Euro Money Markets: ECB takes an active role in providing an alternative to EONIA – The ECB won’t overhaul or substitute the methodology which is used to calculate the money market reference rate Euribor, according to a Bloomberg News report. As such, the central bank throws the ball back in the court of the banks and banking association EMMI (European Money Markets Institute), which should take the lead in making the reference rate more credible and robust. The ECB’s stance does not come as a surprise as ECB officials have mentioned before that the Euribor reform is a private matter and that the industry itself should take responsibility.170622-Global-Daily.pdf (43 KB)
The ECB’s laissez-faire stance follows the conclusion of a review on Euribor by EMMI. On 4 May 2017, EMMI published the results of its ‘Pre-Live Verification Program’, in which it collected and used recent money market data to evaluate the implications of moving away from a quote to transaction-based Euribor methodology (see our earlier daily on this topic here). Back then, EMMI concluded that it deemed it not feasible to have a ‘seamless’ change from the current quote-based methodology to a transaction-based framework. EMMI said that it would remain committed to reforming the methodology by rather focusing on a hybrid version. The ECB closely monitored the process by EMMI.
The Bloomberg article also mentions that, in contrast to its stance towards Euribor, the ECB is open to offer an alternative to Eonia, the overnight rate for unsecured lending. Such an alternative benchmark rate could substitute or exist alongside Eonia. The difference in stance is most likely due to the direct importance of Eonia for the ECB’s monetary policy transition mechanism. The exact form in which it intends to provide an alternative benchmark is unclear. We think that such an alternative reference rate could especially be valuable as a backup in times of illiquidity or adverse scenarios. Nonetheless, the ECB should be cautious in such an approach as illiquid market conditions or possible differences between the calculation methods of the current Eonia and the alternative Eonia rate, could lead to price inconsistencies. (Fouad Mehadi)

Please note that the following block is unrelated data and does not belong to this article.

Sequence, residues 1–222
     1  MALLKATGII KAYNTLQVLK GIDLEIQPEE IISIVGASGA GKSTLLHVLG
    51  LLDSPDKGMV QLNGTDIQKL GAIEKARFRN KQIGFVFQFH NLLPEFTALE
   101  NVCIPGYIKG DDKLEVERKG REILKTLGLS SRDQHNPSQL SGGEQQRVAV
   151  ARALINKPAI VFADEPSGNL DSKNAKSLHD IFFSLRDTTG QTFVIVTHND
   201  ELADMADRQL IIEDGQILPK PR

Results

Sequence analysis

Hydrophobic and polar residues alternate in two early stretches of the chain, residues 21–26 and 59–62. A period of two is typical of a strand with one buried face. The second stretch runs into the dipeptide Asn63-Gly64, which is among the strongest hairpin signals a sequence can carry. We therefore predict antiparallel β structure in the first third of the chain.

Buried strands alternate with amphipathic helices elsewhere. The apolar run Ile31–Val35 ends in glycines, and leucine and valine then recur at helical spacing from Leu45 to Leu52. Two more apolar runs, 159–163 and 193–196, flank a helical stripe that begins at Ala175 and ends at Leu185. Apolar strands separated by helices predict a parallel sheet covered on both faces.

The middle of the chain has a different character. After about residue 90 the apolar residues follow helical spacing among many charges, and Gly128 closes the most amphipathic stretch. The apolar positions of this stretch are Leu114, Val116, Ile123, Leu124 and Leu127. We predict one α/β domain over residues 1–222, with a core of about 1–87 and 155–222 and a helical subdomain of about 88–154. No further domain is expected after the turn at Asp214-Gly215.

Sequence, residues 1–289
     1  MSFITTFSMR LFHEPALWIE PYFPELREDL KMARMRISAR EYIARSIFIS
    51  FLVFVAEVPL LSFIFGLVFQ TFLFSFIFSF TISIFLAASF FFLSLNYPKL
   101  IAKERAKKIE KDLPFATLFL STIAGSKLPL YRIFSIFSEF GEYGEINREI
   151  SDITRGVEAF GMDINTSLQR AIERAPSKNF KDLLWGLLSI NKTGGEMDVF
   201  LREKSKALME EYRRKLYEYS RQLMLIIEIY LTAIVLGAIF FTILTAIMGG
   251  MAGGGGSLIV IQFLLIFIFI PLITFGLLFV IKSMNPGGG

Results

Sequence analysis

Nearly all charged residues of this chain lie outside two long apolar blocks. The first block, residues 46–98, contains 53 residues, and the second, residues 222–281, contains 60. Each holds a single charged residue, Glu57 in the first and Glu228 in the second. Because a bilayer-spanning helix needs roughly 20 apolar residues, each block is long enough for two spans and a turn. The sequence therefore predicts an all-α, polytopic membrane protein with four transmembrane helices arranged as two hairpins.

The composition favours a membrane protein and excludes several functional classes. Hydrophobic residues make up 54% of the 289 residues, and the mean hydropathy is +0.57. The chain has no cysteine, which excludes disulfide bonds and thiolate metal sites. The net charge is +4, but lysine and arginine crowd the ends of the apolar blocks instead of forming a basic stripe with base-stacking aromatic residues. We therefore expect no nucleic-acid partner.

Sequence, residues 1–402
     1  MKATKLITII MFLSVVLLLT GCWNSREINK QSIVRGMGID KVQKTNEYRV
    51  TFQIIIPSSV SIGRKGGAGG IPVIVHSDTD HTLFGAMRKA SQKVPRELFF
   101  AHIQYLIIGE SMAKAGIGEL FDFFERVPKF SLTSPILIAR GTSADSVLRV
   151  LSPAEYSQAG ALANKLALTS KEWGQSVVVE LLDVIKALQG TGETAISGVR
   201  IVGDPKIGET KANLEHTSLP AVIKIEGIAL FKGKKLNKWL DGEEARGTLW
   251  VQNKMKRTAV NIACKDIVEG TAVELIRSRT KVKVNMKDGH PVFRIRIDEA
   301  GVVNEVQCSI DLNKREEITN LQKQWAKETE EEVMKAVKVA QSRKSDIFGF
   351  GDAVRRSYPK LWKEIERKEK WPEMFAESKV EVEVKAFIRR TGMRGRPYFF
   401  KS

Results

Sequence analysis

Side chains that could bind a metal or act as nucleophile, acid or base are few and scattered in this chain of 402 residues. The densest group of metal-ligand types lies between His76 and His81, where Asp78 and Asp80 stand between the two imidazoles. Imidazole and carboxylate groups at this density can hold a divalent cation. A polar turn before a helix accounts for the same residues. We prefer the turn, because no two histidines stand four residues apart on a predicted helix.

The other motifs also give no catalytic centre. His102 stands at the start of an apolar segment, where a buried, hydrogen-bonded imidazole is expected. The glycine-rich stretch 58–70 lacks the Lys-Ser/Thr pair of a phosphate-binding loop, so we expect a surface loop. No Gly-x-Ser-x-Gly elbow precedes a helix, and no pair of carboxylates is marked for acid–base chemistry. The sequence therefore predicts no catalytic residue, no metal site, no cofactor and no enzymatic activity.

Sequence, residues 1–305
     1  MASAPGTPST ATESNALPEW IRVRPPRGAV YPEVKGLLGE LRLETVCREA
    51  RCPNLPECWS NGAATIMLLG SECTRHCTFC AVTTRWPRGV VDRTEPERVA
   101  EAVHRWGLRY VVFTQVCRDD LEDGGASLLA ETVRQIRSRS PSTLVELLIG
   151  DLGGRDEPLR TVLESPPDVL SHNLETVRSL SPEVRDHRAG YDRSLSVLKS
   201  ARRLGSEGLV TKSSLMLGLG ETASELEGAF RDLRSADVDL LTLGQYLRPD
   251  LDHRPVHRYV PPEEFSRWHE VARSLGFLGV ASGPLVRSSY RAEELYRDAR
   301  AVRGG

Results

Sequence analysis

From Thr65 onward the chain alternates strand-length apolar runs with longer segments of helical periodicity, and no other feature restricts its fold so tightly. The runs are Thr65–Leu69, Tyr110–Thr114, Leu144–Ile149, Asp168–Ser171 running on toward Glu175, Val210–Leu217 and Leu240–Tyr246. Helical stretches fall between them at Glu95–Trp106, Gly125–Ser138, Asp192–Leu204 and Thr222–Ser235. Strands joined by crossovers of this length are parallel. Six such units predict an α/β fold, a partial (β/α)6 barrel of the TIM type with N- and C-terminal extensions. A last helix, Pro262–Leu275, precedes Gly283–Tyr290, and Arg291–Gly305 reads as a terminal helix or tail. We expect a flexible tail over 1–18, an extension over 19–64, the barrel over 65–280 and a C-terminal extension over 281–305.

Euro Government Bonds: Doubts about whether Greece can enter bond market – In the past days multiple officials, such as Greek Prime Minister Tsipras and ESM head Regling, have suggested that Greece should soon be able to finance itself by returning to the bond market before long. Indeed, the recent debt deal, general market sentiment and the rally of Greek sovereign bonds are supportive of this belief. However, we remain very cautious and sceptical about whether Greek government could re-enter the market soon. In our view, the recent debt deal is merely kicking the so-called can down the road as the key point still remains that the Greek debt pile is far from sustainable. A recently leaked draft report by the European Commission, confirms this thought. An important signal would be the inclusion of Greek sovereign bonds to the ECB’s QE programme. Currently, Greek bonds can be used by Greek banks as collateral for monetary liquidity operations, but these bonds cannot be bought by the ECB under its QE programme, despite the waiver. However it seems that before this can be the case, the ECB itself needs reassurance of the sustainability of Greek debt. Earlier this year, ECB President Mario Draghi said to Members of European Parliament that the central bank would need to make its own debt sustainability assessment in full independence. This point was today reiterated by the ECB’s Chief economist Peter Praet. Without the ECB’s consent to take on Greek sovereign risk and the country’s debt still being unsustainable, we expect that investors will remain side-lined. Since we expect that the QE programme will be tapered as of January 2018, time is running out for Greek bonds to be included in the QE programme. This means that sooner becomes rather later. (Kim Liu)